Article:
How much does damp proofing cost?
Damp is an issue that affects many homes, and causes untold amounts of worry for homeowners, who think that solving the problem will involve complex, messy, and costly work. Thankfully, many cases of damp can be addressed with simple and inexpensive fixes - as long as your tradesperson knows what they’re looking for. If you do have to have more extensive work carried out, to address rising damp for example, then you will want to know the kinds of cost involved. Our guide will show you what you can expect to pay so you can get started on your project.
Damp proofing cost calculator
There are three main kinds of damp, and each one will have different causes and different treatments - with a wide range of costs depending on the diagnoses.
Condensation is responsible for lots of cases of damp in modern homes. The result of water vapour condensing when it settles on a cold wall, floor or ceiling, the water can soak into the surface, leading to damp and mould. This moisture can be produced when cooking, showering, or drying clothes indoors, and becomes more common when temperatures drop outside. Modern homes, with good insulation and double or even triple-glazing, tend to trap moisture, meaning steps need to be taken to address the problem.
Luckily, this type of damp can typically be treated with simple lifestyle adjustments that cost very little. Opening windows where possible, making sure you are using extractor fans (and servicing or replacing them if they are not working), keeping a steady indoor temperature, or investing in a dehumidifier should be enough to tackle the issue. If damp and mould have spread, the only relevant cost for tradespeople may be redecorating work.
The second chief cause of damp is penetrating damp - where water outside of the home is coming in and causing damage. This may be due to damaged roof tiles, cracked brickwork, faulty window or door seals, or a broken gutter or pipe. If this is the case, once the problem has been identified, it should be easy to fix, with the cost ranging from £100 or so to replace a roof tile, to £500 to replace a uPVC casement window, plus any redecoration or similar that needs to be carried out.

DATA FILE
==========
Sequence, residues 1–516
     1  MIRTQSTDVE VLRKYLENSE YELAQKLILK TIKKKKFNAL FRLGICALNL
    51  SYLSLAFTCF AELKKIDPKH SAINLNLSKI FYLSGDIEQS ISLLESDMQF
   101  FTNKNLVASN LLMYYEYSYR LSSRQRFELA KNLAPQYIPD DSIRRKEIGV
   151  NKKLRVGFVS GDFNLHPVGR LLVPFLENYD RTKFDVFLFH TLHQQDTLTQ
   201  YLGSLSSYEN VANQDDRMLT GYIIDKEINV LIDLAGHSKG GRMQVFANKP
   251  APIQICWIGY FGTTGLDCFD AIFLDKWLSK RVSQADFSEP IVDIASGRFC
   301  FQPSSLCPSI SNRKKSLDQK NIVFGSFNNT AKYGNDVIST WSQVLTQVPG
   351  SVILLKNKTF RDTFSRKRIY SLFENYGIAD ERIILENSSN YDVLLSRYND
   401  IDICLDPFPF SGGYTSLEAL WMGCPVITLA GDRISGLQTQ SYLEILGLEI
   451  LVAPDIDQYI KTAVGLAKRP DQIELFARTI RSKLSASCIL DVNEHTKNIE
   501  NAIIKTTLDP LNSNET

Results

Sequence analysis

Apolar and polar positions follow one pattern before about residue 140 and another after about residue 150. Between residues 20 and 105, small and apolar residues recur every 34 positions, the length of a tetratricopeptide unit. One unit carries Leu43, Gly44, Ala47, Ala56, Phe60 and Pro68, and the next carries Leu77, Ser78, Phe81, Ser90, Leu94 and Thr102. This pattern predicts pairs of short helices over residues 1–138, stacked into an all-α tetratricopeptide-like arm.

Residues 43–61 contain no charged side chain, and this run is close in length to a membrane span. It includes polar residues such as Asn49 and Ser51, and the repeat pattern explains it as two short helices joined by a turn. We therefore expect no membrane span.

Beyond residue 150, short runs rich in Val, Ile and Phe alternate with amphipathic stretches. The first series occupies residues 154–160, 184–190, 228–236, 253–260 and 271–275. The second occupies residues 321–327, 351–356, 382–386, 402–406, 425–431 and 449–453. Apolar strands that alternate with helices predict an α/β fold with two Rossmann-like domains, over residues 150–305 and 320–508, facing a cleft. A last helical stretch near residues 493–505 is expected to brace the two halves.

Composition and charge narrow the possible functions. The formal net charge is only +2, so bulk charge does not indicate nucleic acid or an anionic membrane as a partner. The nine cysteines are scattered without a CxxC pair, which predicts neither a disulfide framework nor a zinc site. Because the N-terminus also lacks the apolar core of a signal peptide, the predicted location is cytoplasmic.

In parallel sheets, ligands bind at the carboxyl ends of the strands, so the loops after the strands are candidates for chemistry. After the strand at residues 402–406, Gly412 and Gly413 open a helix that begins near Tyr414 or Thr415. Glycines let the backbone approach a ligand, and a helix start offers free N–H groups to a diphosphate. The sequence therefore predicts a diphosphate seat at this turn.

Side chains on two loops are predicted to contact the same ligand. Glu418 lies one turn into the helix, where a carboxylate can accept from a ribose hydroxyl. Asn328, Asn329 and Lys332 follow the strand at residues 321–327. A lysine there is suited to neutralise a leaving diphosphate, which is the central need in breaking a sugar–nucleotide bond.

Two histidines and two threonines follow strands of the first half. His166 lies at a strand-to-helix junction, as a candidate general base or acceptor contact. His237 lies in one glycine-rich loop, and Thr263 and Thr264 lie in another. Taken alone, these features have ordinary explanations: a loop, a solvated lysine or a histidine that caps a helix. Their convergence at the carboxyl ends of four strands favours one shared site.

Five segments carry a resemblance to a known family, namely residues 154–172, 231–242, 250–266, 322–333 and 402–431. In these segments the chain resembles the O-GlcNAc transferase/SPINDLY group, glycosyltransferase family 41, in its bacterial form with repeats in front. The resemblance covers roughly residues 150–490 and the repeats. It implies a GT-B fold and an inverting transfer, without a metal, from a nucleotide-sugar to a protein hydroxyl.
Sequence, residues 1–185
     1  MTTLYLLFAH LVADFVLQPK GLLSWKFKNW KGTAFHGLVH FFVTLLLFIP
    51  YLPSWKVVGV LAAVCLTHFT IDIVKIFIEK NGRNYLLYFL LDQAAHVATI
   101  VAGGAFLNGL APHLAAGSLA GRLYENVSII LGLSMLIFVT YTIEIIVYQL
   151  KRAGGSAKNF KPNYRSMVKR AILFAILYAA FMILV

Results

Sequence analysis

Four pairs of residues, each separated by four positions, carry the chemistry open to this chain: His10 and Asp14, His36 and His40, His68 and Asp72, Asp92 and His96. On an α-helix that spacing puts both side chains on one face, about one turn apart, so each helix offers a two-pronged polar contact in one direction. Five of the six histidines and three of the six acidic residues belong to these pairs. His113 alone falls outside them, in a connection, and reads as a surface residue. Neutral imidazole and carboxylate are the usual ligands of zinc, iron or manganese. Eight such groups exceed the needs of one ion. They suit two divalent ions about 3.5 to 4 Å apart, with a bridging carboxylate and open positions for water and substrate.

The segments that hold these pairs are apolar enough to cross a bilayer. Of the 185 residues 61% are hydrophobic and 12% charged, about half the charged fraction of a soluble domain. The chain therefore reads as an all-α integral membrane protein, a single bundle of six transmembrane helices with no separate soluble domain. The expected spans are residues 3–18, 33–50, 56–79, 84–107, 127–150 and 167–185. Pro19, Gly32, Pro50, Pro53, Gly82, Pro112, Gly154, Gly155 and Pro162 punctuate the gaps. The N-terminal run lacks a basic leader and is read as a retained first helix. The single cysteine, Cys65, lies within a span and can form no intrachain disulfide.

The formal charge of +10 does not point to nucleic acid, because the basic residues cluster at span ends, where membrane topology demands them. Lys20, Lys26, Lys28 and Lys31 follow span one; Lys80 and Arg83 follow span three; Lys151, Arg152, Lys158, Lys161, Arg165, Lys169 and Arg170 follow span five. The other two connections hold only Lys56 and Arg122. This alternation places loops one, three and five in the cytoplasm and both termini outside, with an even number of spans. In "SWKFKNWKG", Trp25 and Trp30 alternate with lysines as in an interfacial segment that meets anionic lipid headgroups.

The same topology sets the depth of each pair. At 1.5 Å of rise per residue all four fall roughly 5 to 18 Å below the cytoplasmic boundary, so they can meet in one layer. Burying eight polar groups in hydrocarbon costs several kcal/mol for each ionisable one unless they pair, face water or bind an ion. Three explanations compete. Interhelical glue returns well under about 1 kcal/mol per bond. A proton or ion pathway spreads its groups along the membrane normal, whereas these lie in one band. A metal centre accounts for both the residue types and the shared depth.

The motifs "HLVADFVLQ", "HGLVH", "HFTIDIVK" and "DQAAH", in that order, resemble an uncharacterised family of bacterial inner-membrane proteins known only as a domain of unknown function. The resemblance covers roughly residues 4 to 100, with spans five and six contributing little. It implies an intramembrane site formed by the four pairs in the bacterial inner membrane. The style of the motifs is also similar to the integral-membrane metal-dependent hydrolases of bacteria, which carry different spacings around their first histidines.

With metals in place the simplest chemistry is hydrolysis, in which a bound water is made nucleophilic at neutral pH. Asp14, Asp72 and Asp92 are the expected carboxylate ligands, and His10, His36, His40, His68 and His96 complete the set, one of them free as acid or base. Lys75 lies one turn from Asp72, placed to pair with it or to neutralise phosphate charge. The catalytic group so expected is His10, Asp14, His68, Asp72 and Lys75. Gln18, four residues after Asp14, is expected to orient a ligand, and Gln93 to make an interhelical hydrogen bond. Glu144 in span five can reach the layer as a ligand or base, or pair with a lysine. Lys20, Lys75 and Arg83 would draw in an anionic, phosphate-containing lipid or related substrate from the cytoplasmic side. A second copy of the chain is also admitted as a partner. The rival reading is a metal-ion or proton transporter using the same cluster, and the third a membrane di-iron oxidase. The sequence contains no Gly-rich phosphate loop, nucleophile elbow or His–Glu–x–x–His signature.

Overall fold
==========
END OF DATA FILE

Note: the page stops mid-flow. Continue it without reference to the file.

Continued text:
The third cause of damp is rising damp - where moisture in the earth soaks through the foundations and walls of a house, rising up through the layers or brick and causing damage. Houses are usually built with a damp proof course (DPC), just above floor level, to prevent moisture rising up, but if this has failed, or the property did not have a DPC, then rising damp can occur. Depending on the extent of the rising damp, this can be a more costly and extensive job to repair.
How much does rising damp treatment cost
As physically replacing a DPC is a difficult process that would involve a huge amount of structural work, the most common treatment for rising damp is to install a chemical DPC, removing plaster from internal walls, drilling holes into the walls and inserting a chemical which will form a barrier to more moisture coming up.
Cost of damp proofing internal walls
Much of the cost involved in this comes from replastering a decoration after the process is carried out. Costs vary widely between different areas and different suppliers, but a rough average is around £70 per metre of wall being treated, or around £280 per wall. Across a whole house, the costs may then rise to several thousand pounds if you need to treat every wall. It can be cheaper if you are have the plastering and decorating done separately after the treatment is carried out.
Cost of damp proofing external walls
If the exterior ground level is above the level of the DPC in the wall, the DPC becomes ineffective and water can leach from the soil directly into the walls, causing damp to occur. A simple fix for this is to have the ground outside lowered by digging out the earth, and covering it over, for example with concrete slabs or gravel, to ensure the problem does not reoccur. Digging out the soil around a small house and laying gravel over the top may only cost around £400 to £500. Adding a concrete path may be as much as £2,000 for a smaller home, and twice that in a larger home.
Other damp proofing costs to consider
As mentioned earlier, it is vital when dealing with damp to accurately diagnose the problem. It is always worth speaking to multiple tradespeople and getting quotes when it comes to a serious damp issue, and seeking several opinions before beginning an expensive treatment for rising damp. You can also speak to an independent surveyor to try and diagnose the issue, before taking their recommendations to tradespeople for quotes. The damp proofing industry can have a poor reputation for companies trying to sell unnecessarily invasive and expensive treatments, so make sure you’re confident that any work if really needed. Tradespeople on MyBuilder are all reviewed by previous customers to help you get a better idea of their experience and quality.